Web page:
Whether we like it or not, our new employment pool is mostly Millennials and so if we are going to be able to manage them effectively and leverage the skills they bring to the workplace, we need to understand their needs, concerns, and advantages.
“Technically, a Millennial is someone born between 1980 and 2000.”
Certain characteristics seem to define a Millennial: openness, expressiveness, confidence, and liberal thinking. There is also another point of view about this generation: they are narcissistic, entitled, lazy, coddled, and even a bit delusional. In addition, by and large, their expectations are rather unrealistic and so often get discouraged when things do not turn out as they expected or hoped. This generally has to do with how they have been raised….everything they have done they believe is terrific and they have been told over and over that they can do whatever they wish. This repetition of reward and compliments has also become their expectation and organizations that do not recognize this and manage it effectively will experience turn over from this group.
All of this makes them a bit challenging to manage, however they do have gifts that can be leveraged and so if you want to experience the advantages of those gifts and approaches, you must find the means to handle them appropriately so that you can keep them happy, productive, and creatively contributing to your organization.
Here are some tips to consider when dealing with this generation of individuals.
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You need to be the leader. This generation has grown up with structure and supervision, with parents who were their role models. Millennials desire leaders with honesty and integrity, because they expect a good role model. This means that you must be able to communicate with clarity, honesty, impact and influence as well as “walk the walk” not just “talk the talk.”
Challenge me. Millennials want learning opportunities. They want to be assigned to projects that challenge them in new directions so the work will help them to learn new strategies, skills, and approaches. They are looking for growth, development, and a clear career path. The best way to approach this need is to offer supportive and encouraging coaching in areas where you see potential. In addition, either in-house or outside training would certainly be welcomed. Be sure to reward results and comment on progress as this is very important to Millennials.
Let me work on a team with friends. Millennials want to work with people they can relate to. They like being friends with their co-workers. Employers who provide social aspects of work will find their efforts well rewarded by this newest cohort. Some companies are even interviewing and hiring groups of friends to satisfy this desire. They also really enjoy working in teams. They want to be involved and ultimately share their experiences as widely as possible. Organizations that value teamwork and seek to instill a spirit of advocacy for their brands, can definitely learn from their Millennials in this area.
Let’s have fun. Millennials enjoy a little humor, a bit of silliness, even a little irreverence in their work environment. So if you can allow and provide for this, it will make your organization more attractive to them. In any event, a fun workplace can be inviting to more than just the Millennials, happy employees are more efficient and creative and sick less often, too.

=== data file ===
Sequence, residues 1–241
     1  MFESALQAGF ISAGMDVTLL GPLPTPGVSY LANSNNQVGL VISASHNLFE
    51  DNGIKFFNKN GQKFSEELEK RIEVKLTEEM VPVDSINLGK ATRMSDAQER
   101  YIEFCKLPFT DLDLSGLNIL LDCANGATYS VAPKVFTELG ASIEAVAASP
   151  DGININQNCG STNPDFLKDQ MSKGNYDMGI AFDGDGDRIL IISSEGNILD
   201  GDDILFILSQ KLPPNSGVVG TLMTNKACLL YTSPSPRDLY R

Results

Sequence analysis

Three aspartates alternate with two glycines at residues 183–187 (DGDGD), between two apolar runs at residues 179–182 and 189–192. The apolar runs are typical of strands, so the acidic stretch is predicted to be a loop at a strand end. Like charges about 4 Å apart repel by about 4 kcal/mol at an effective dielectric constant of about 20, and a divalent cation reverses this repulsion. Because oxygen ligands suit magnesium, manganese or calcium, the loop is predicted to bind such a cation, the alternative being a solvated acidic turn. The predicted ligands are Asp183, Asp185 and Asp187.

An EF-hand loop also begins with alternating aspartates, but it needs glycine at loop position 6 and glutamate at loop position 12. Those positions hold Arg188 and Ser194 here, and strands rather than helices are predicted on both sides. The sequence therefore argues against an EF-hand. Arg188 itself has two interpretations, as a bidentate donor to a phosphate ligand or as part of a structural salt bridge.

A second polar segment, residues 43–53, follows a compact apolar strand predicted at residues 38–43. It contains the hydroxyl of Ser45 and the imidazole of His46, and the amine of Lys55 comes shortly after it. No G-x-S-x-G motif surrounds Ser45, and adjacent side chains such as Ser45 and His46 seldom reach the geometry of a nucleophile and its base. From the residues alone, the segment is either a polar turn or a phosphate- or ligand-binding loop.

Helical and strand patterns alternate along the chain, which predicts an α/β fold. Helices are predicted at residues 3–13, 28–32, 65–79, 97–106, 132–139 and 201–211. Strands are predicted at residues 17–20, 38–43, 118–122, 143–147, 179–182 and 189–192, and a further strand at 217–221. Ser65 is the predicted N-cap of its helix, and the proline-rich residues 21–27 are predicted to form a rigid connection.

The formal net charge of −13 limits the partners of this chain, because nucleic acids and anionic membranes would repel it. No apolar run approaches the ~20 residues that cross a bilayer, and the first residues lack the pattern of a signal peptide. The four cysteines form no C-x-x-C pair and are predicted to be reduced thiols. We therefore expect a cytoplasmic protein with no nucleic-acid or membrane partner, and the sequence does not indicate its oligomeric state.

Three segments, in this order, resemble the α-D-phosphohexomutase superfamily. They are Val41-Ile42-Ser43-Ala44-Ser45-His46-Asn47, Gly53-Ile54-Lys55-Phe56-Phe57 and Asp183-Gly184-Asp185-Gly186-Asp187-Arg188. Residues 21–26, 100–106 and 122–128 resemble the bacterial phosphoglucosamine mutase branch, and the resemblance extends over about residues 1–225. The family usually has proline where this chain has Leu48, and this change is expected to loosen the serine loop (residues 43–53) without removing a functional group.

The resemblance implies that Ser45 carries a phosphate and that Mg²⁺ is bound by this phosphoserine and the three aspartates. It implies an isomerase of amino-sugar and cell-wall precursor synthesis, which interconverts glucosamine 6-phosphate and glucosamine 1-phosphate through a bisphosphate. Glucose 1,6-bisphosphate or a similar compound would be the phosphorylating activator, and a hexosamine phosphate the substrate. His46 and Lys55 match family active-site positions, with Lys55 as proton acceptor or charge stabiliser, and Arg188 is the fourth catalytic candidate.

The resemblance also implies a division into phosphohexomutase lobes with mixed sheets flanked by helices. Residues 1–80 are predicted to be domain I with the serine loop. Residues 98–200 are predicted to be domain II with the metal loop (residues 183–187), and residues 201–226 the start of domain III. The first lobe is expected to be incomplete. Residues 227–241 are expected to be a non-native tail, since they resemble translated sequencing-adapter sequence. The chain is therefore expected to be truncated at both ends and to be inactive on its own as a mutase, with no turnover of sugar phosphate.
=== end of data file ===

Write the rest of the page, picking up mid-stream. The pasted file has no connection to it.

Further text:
Respect me. Millennials want to have their ideas treated respectfully. Even though they may be young and new, their perspective should be listened to and considered when offered. Who knows, they could provide some insightful and innovative contributions that you might not want to miss.
Be flexible. Millennials are loathe to give up their various activities just because of work responsibilities. Therefore, a rigid schedule is a sure-fire way to lose them. Better, if possible, to offer them the opportunity to work remotely, or a come in early/stay later option , as long as they fulfill their obligations and their time lines, you should not be concerned about when or how they actually accomplish their tasks.
Culture is critical. Millennials are collaborative and relationship heavy, so the workplace culture plays a large role in their decision to accept a position. Millennials are notorious for leaving a company because of a lack of cultural fit. So, when managing Millennials, you can prevent this turnover by communicating with clarity, and building trusting relationships with them. You can try to do this by identifying a common interest in such areas as sports teams, hometown, university, hobbies, food, or pets.
They are restless: Millennials want to see growth and immediate results. This impatience pushes them to achieve more by working smarter, not necessarily harder. They are doers and like to get things done. Don’t expect them to stay too long if you aren’t fulfilling promises. They want to be shown that they matter, and that what they are doing counts. They want to be part of the bigger picture. This knowledge will motivate them to work harder.
Embrace Innovation. Millennials are equipped with fresh, current capabilities and are driven to innovate and make an impact. In order to leverage this strength, you want to develop a strategy for managing Millennials around these tips, so that you can ensure their engagement and creativity is encouraged and then you will reap the benefits of their expertise and unique perspective.[/message][su_spacer]
At first blush it might seem like a lot of hard work to hire and keep Millennials, however in the end, they are likely worth the investment. In their rush to achieve personal greatness, they can prove to be a good choice for any company. The best part about them is that they are dreamers and creators, and they truly believe that nothing is impossible!